To serve as a replacement keypad, the capacitive sensing controller has to act like a mechanical keypad to the host – the output lines (scan lines) of the host will become inputs and the input lines (read lines) of the host will become outputs of the capacitive sensing controller. Based on the scan line status and the buttons touched, the read lines need to be updated by the controller. This can be done as described below. Consider a scenario of 12 buttons (see Figure 3) that need to be laid out in 3x4 matrix fashion, where 3 is the number of scan lines and 4 is the number of read lines.
- Enable the interrupts on the scan lines.
- Configure the interrupts to be edge-triggered (on both edges).
- Initialize a ‘3’ byte array for the 3 scan lines. BYTE is chosen as we need to update 4 read lines (1 bit for each). For more than 8 read lines, WORD should be used.
- Read the 12 buttons for any finger touch using the capacitive sensing algorithm and update the byte array with the corresponding values. Note: the read lines should be active low, as whenever a button is pressed mechanically on a keypad, a ‘0’ on the scan line travels to the read line and the read lines are pulled to Vcc by default.
- All the scan line interrupts need not be enabled. Only if a button press is to be reported on a scan line should that interrupt be enabled, otherwise it should be disabled. This helps reduce CPU loading in the capacitive touch controller.
- In the scan line interrupt, read those lines and update the read lines accordingly (refer to the figure below).
Figure 3: Keypad mimic Implementation
The above method helps in replacing polling-based keypad scans. In order to replace an interrupt-based keypad, the same logic can be used with a slight adjustment: whenever a button is pressed, all values stored in the read line array can be AND’ed and sent out on the read lines to the host. Once the host senses the signal and starts scanning, the above steps can be followed.
Replacing an entire keypad with this technique does have some limitations. Since the capacitive touch controller just tries to mimic the mechanical key scan interface by using interrupts, extra delay is introduced – the interrupt latency + processing the read lines inside the interrupt. While typically small, this latency is nonetheless a limitation over physical buttons where the physical short happens instantly (typically within nanoseconds). In our replacement system, the delay may extend into microseconds, depending on the controller chosen. It is worth noting that the host need not worry about button debounces as the touch controller has taken care of this before reporting the button as ON. This saves processing time on the host end but requires modification of the host firmware. Figure 4 shows how to analyze and arrive at a minimum waveform on the scan lines that can be interfaced.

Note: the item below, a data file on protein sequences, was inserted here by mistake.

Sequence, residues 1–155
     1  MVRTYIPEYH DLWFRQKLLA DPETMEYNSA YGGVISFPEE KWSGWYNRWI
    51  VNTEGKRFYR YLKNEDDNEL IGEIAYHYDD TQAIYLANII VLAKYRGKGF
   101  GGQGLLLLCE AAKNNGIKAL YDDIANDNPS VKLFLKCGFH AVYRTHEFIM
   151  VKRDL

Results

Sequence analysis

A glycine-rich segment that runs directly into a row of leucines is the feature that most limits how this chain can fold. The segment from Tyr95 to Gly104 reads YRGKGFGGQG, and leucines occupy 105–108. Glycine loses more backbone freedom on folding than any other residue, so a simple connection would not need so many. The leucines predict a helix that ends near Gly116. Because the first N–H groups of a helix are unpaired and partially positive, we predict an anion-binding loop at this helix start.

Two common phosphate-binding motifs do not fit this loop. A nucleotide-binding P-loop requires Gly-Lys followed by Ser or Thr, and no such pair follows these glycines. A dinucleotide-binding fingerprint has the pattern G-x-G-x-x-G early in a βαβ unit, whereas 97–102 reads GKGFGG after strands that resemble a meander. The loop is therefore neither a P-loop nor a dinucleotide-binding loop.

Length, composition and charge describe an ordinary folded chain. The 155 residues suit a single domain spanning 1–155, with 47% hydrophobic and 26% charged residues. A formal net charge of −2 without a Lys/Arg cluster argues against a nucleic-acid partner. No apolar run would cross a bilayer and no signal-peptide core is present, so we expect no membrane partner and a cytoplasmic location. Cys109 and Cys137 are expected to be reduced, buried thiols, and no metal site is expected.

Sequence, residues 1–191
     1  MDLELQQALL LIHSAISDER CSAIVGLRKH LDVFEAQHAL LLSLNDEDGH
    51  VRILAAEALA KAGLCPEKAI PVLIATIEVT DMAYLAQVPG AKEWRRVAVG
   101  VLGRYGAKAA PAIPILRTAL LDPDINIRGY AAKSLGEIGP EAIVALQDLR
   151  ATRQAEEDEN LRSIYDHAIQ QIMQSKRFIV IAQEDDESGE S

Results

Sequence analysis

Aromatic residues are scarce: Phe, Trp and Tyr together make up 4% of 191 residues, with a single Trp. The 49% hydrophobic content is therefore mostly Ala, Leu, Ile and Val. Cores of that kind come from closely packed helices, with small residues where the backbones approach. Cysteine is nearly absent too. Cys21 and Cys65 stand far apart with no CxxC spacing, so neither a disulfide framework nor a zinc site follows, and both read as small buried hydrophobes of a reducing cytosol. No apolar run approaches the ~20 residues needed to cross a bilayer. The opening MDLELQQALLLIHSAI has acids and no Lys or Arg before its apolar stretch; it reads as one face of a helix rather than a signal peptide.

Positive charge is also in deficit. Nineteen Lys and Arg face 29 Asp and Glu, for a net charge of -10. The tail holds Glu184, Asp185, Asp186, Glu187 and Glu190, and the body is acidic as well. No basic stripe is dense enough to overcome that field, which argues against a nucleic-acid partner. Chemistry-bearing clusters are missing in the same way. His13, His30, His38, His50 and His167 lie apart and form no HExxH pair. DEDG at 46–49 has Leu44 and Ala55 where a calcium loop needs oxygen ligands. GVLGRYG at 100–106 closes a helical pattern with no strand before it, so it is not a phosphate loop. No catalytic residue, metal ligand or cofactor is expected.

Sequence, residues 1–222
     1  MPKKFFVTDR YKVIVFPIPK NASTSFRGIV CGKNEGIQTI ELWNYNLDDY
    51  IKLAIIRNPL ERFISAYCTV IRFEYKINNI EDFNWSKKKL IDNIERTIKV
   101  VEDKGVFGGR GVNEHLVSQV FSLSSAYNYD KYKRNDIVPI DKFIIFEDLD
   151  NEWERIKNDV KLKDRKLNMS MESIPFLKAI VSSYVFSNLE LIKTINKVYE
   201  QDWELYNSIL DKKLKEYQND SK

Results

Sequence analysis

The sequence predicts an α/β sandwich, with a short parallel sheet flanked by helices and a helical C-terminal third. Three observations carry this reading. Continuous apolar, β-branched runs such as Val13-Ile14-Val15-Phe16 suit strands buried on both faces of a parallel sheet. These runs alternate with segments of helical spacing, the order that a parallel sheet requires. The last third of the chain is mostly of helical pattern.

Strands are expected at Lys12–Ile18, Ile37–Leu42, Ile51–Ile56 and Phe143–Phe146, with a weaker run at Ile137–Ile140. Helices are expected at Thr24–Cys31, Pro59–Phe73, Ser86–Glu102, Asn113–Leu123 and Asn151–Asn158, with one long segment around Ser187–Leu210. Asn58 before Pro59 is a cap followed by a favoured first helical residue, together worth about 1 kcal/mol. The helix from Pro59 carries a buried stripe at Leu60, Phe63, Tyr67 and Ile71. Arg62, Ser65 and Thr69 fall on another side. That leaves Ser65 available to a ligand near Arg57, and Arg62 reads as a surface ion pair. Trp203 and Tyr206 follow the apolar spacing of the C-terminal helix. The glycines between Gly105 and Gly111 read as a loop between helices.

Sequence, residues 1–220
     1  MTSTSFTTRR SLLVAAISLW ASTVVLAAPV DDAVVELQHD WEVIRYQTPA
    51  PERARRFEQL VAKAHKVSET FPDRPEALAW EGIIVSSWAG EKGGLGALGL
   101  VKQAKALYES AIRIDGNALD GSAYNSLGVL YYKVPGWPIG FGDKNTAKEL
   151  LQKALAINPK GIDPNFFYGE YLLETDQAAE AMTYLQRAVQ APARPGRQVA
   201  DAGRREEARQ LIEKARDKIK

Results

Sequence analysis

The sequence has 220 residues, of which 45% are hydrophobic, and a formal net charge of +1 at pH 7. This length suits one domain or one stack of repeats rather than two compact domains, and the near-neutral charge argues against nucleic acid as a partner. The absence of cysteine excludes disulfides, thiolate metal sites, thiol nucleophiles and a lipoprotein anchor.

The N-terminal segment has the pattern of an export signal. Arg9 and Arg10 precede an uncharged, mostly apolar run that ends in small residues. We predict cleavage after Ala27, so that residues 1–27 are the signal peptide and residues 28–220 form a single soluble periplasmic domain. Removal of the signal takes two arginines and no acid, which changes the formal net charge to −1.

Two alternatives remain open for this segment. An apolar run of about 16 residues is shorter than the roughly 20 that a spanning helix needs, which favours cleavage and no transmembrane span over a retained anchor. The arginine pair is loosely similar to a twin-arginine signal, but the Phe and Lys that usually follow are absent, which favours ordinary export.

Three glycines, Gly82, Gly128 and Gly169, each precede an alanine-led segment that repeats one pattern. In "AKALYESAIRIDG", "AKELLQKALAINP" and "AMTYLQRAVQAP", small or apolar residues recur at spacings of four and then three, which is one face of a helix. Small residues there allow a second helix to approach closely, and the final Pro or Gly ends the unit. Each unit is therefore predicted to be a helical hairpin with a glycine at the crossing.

Figure 4: Limitation on the Scan line waveform
There are readily available products on the market which enable developers to replace mechanical keypad with capacitive touch buttons. One such device is the CY8CMBR2016, a 48-pin QFN Capacitive Sensing Express controller from Cypress. The device can be configured to mimic 4 scan lines and 4 read lines (as shown in Figure 5) – for a total of 16 buttons to replace a 4x4 mechanical keypad. The device can mimic ‘polling-based’ scanning with a dedicated interrupt line (a separate pin, in addition to the 8 SCAN/READ pins). If your system uses polling-based keypad scanning, then the device can be used to replace the mechanical keypad with capacitive sensing touch buttons. If your system uses interrupt-based scanning mechanism, then the interrupt line offered by the device can be used/configured by the system to start the polling on the SCAN lines.
Figure 6: Using CY8CMBR2016